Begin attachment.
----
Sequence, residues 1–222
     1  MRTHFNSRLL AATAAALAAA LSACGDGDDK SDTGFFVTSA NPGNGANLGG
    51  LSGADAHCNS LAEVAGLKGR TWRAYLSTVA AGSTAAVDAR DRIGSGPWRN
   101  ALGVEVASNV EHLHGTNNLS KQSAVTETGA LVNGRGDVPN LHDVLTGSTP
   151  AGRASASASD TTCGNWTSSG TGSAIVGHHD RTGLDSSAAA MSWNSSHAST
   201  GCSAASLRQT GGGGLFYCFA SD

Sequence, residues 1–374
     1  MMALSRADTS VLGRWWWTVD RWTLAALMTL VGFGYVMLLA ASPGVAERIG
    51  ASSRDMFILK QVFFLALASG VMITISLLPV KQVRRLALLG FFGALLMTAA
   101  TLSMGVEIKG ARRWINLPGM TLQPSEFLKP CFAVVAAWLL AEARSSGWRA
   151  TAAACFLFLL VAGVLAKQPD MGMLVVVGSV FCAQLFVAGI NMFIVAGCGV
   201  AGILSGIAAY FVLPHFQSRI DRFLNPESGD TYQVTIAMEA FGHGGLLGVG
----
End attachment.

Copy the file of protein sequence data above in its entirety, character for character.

Sequence, residues 1–222
     1  MRTHFNSRLL AATAAALAAA LSACGDGDDK SDTGFFVTSA NPGNGANLGG
    51  LSGADAHCNS LAEVAGLKGR TWRAYLSTVA AGSTAAVDAR DRIGSGPWRN
   101  ALGVEVASNV EHLHGTNNLS KQSAVTETGA LVNGRGDVPN LHDVLTGSTP
   151  AGRASASASD TTCGNWTSSG TGSAIVGHHD RTGLDSSAAA MSWNSSHAST
   201  GCSAASLRQT GGGGLFYCFA SD

Sequence, residues 1–374
     1  MMALSRADTS VLGRWWWTVD RWTLAALMTL VGFGYVMLLA ASPGVAERIG
    51  ASSRDMFILK QVFFLALASG VMITISLLPV KQVRRLALLG FFGALLMTAA
   101  TLSMGVEIKG ARRWINLPGM TLQPSEFLKP CFAVVAAWLL AEARSSGWRA
   151  TAAACFLFLL VAGVLAKQPD MGMLVVVGSV FCAQLFVAGI NMFIVAGCGV
   201  AGILSGIAAY FVLPHFQSRI DRFLNPESGD TYQVTIAMEA FGHGGLLGVG